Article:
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Is pirate radio a real story?

Is pirate radio a real story?

And, according to film adverts, it’s “Inspired by a True Story.” For those who lived during this period, the film’s fictional Radio Rock is bound to recall Radio Caroline , the most fabled of the 60s pirates. It started broadcasting in 1964 and enjoyed a brief heyday before a governmental crackdown in 1967.

What was pirate radio in 1960s?

Pirate radio in the UK first became widespread in the early 1960s when pop music stations such as Radio Caroline and Radio London started to broadcast on medium wave to the UK from offshore ships or disused sea forts. At the time, these stations were not illegal because they were broadcasting from international waters.

When did pirate radio become illegal?

A few, such as Radio Caroline, continued under these new restrictions, but most like the esteemed Radio London closed. By September 1967, the power of the pirate radio stations had all but gone.

What was the name of the pirate radio station?

The Real Story Behind Britain’s Rock ‘N’ Roll Pirates. The Boat That Rocked: Radio Caroline, broadcast at sea from the vessel Mi Amigo, was one of the many pirate-radio stations that anchored off the coast of England during the 1960s. The stations flouted British law with their illicit rock ‘n’ roll programming.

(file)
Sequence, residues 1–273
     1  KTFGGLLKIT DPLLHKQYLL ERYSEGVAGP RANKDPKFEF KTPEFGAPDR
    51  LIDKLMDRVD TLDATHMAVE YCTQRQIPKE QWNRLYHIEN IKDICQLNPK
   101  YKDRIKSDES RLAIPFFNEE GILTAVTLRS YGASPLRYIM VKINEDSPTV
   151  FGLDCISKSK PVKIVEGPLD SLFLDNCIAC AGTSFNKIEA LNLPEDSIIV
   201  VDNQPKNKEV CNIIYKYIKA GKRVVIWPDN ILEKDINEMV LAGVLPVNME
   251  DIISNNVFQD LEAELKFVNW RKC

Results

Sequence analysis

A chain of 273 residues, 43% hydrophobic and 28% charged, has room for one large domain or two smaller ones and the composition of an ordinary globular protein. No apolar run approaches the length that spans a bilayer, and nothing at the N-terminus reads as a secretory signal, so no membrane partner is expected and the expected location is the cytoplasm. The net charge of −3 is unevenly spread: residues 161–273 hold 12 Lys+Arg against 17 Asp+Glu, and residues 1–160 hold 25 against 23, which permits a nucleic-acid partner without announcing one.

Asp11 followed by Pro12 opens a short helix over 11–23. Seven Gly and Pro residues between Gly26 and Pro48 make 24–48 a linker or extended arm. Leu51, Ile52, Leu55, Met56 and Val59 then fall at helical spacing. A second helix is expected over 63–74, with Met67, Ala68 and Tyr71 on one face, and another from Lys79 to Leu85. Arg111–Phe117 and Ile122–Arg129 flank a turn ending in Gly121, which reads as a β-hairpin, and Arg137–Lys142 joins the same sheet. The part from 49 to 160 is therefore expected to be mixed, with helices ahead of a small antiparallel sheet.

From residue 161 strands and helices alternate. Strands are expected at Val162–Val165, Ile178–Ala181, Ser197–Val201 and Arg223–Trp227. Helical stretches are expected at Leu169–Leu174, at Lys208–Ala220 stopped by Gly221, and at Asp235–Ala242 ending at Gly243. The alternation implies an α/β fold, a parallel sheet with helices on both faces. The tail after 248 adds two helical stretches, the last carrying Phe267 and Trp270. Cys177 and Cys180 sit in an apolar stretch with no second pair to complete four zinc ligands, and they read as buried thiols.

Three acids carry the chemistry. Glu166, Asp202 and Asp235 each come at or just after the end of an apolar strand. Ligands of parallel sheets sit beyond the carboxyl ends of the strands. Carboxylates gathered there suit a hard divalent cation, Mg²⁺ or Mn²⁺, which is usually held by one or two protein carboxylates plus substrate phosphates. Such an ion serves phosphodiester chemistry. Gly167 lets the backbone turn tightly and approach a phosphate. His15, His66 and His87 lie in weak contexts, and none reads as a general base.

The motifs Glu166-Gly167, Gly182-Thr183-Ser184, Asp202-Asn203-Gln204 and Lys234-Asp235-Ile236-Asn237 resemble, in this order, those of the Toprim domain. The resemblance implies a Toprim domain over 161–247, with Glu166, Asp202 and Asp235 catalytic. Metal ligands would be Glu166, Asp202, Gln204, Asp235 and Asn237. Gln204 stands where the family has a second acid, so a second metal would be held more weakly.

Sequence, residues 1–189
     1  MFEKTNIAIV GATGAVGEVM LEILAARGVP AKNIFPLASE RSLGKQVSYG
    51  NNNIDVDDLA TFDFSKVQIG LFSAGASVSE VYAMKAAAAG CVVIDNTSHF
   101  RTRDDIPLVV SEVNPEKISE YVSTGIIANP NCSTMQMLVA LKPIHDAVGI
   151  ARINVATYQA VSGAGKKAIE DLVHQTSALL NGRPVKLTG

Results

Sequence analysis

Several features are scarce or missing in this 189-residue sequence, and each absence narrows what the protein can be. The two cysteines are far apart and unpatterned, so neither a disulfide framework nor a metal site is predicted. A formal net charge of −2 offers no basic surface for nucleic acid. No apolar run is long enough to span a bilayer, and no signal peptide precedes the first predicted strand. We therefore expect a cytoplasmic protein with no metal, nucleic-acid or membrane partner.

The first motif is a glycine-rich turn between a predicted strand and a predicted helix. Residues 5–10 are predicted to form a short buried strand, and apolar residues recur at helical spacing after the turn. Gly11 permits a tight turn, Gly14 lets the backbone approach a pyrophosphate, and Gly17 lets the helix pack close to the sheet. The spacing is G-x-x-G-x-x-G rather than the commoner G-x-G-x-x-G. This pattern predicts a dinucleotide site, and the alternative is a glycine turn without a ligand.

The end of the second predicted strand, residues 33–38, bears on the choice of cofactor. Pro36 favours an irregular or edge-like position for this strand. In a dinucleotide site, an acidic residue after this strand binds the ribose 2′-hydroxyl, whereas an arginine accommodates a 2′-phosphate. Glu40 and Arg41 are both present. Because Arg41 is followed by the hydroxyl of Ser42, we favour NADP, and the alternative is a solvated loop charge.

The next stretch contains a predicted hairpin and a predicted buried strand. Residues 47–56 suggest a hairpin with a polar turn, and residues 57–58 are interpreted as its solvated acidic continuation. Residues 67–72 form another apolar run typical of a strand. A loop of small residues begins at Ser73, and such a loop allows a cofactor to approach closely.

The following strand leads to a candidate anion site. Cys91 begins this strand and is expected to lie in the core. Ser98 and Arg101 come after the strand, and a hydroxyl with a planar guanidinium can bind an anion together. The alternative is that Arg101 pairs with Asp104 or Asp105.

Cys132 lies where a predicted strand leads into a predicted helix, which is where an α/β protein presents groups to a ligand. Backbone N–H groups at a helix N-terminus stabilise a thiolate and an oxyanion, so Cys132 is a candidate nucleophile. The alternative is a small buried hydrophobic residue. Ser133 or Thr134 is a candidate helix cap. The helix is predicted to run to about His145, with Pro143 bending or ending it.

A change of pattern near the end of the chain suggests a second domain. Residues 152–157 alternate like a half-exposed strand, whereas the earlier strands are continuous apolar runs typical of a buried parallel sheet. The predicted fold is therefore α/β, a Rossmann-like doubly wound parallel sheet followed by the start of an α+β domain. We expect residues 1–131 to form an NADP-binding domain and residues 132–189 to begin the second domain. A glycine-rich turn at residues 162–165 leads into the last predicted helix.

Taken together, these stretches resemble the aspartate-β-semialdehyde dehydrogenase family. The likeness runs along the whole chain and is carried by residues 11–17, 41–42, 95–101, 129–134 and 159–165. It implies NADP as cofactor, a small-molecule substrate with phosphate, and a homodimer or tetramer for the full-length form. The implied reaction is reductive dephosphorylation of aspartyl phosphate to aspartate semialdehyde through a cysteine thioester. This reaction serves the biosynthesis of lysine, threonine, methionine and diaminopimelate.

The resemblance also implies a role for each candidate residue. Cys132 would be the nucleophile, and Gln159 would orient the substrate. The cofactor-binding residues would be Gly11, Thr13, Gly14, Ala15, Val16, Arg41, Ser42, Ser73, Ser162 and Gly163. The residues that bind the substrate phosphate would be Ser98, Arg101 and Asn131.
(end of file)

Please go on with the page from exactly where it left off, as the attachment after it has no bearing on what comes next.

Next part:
When did Radio Hauraki become a pirate radio station?

May 1966: An on air target date was set – 11am 1 ST October 1966. Radio Hauraki hears of pirate radio rivals through an advertisement in an evening edition of The Auckland Star – the rival, Radio Maverick then renamed Radio Ventura. July 25 TH 1966: Yet another possible rival for Hauraki?

How old was Richard Curtis when he heard pirate radio?

Richard Curtis, director of the new film Pirate Radio, which is based on these events, was an 8-year-old boy confined to a posh boarding school when he first heard the broadcasts. While he wasn’t allowed to listen to music during the day, he remembers hiding a radio under his covers at night .

Who are the members of the Pop Pirates?

The DJs, Mike Lennox, Pete Drummond, John Peel, Michel Philistin, Willy Walker, Paul Kay, Chuck Blair, Mark Roman and Tony Brandon, were greeted by fans of the station. Radio London had been broadcasting three and a half miles off Frinton-on-Sea, Essex, since December 1964.